It was a World Cup final for the ages; it had last second lineup changes, early injuries, and plenty of scoring chances. However, it was Germany who kept a solid defense and broke through with 7 minutes to play to take the World Cup trophy from the grasp of Lionel Messi’s hands at the hallowed Maracana to become the first European side to win the World Cup in the Americas.
Minutes before kickoff during pre-game warmups, Germany’s Sami Khedira suffered a calf injury, forcing Joachim Low to replace him in the XI with Christoph Kramer. Kramer would go on to play the first 31 minutes before being replaced by Andre Schurrle after suffering a head injury. Much to the surprise of many, Argentina would line up without Angel Di Maria, who had not played since picking up a thigh injury in the quarterfinals. The buzz around the Maracana was the probable inclusion of Di Maria in the lineup, but he wasn’t quite fit enough.
The match opened with Argentina on the front foot. The Argentine attack, led by Messi and Gonzalo Higuain, had its first chance inside of 20 minutes. A perfectly flicked on header from Toni Kroos had sent Higuain in on goal, yes you read that right, but Higuain could not keep his shot on target and it skimmed a few yards wide of goal. A golden chance had passed for Argentina to make the nightmares of Brazilians a reality. Higuain would then have a goal in the 30th minute called back due to a blatant offside call, he was yards offside when he didn’t need to be. Nevertheless, we were still scoreless at the Maracana.
Germany would see their own chances be fizzled in the first half as well. A header from a German center-back would hit the outside of the post in the second minute of first half stoppage time to preserve the scoreline at 0. With bits of wide open play, it was the Germans who looked the better side in the first 45, but if it weren’t for a few Maracana miracles, they could have found themselves down a goal or two.
The best player in the world found a chance to begin the second 45 when he sent a left footed shot across the face of goal and just a few inches wide. One had to think that he puts that away in a Barca shirt. In the 88th minute, Jogi Low brought Mario Gotze on for Miroslav Klose, which would prove to be a fantastic sub. Another stroke of luck, or misfortune for Argentina fans, had kept the game scoreless for 90 minutes. Yet again we were headed for extra time, the 3rd World Cup final in the past 4 times to go to ET.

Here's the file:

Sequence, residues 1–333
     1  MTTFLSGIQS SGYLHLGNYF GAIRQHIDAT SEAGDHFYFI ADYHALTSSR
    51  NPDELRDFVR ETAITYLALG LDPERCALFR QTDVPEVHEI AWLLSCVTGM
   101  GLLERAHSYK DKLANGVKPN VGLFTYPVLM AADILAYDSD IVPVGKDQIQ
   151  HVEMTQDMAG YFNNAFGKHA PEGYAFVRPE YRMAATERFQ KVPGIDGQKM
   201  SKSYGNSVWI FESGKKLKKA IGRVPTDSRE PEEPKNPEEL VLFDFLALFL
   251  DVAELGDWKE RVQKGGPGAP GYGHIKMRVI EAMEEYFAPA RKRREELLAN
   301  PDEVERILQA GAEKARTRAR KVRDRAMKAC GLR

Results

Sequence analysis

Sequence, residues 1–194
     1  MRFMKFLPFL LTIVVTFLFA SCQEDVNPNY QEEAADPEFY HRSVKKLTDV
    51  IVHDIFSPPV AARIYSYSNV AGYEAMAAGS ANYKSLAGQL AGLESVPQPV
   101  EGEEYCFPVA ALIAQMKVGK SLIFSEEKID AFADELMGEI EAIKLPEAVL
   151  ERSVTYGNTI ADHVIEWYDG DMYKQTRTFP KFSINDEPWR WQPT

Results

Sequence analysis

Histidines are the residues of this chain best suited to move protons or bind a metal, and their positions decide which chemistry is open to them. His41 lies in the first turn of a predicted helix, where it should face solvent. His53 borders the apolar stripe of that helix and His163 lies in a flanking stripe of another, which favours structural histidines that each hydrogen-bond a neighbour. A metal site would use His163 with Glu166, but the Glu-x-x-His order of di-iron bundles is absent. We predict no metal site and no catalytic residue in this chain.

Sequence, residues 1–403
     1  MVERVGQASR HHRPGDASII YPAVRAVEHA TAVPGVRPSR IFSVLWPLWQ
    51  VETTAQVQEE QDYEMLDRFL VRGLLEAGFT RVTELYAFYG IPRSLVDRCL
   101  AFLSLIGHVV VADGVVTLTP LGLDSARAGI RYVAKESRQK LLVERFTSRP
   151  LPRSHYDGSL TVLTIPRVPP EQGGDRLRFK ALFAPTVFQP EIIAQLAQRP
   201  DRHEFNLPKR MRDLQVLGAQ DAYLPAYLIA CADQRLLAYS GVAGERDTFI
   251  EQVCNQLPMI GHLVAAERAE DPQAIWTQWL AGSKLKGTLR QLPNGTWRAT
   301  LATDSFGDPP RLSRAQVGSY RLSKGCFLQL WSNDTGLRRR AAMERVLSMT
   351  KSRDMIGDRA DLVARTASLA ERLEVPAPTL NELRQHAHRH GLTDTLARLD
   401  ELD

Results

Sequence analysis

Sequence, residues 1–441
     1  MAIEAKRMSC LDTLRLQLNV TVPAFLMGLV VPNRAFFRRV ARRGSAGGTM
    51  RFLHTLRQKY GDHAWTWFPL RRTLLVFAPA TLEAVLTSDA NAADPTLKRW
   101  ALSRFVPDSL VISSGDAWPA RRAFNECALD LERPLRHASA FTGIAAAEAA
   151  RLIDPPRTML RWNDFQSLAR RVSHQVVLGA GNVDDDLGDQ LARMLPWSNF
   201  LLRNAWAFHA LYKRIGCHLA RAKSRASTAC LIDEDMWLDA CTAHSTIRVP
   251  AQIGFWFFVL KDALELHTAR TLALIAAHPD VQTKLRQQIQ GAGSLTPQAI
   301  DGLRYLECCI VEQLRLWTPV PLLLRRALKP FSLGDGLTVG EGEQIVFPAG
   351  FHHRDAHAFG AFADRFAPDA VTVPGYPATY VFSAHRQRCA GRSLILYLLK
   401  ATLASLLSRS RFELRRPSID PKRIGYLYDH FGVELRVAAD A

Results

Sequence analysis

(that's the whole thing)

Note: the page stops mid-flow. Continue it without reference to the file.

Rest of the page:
After the first 15 minutes passed with nothing much in the way of excitement, we headed to a second period, still scoreless. It took 8 minutes in the second period to see Die Mannschaft break through. An absolutely bursting run up the left side by Andre Schurrle led to a cross that was chested down and volleyed into the far post by Mario Gotze. It was one of the runs and goals of the tournament, and none were more important. Ze Germans had the lead and the self-proclaimed “Golden Generation” of Deutschland football were minutes away from their first World Cup trophy as a unified nation.
Argentina pushed and pattered for a glimpse of a goal, and earned a free kick at the death from 25 yards out. Who else would take it, but Messi? The Magician carried an entire nation on his shoulders and could finally live up to the legend of Diego Maradona with a goal to send the Final to penalties at the Maracana. Messi stepped forward and ripped a shot that sailed miles over the bar, and that was it, The Machine had beaten Messi at the famed Maracana. One of the best players the world has ever seen will be without a crowning achievement for another 4 years, and alas the Diego Maradona comparisons will continue.
It was clear throughout the entire tournament that Germany was the best team. They may not have had the individual talent that some players had, but their chemistry and coaching was by far the best in the tournament. Manuel Neuer was the best goalkeeper, and even won the Golden Glove award for best goalkeeper of the tournament. Thomas Muller had come a goal away from winning his second consecutive Golden Boot for top goal-scorer. Miroslav Klose became the top goal-scorer in tournament history, and Jogi Low had finally broken out of the shadows of bitter semi-final defeats in major tournaments.
Mario Gotze, one of the first players on the national team from unified Germany had scored the goal to give the nation their first trophy as a unified country. It seems fitting that a chain of events like that would happen at the Maracana to avoid Brazil’s ultimate shame, doesn’t it?
USA coach Jurgen Klinsmann showed happiness for his homeland after their win yesterday
— Jürgen Klinsmann (@J_Klinsmann) July 13, 2014
keeping all my fingers crossed for Jogi and THE MANNSCHAFT !! Let's make it 4 after 1954, 1974 and 1990 !! pic.twitter.com/b9z9AAohPH
— Jürgen Klinsmann (@J_Klinsmann) July 13, 2014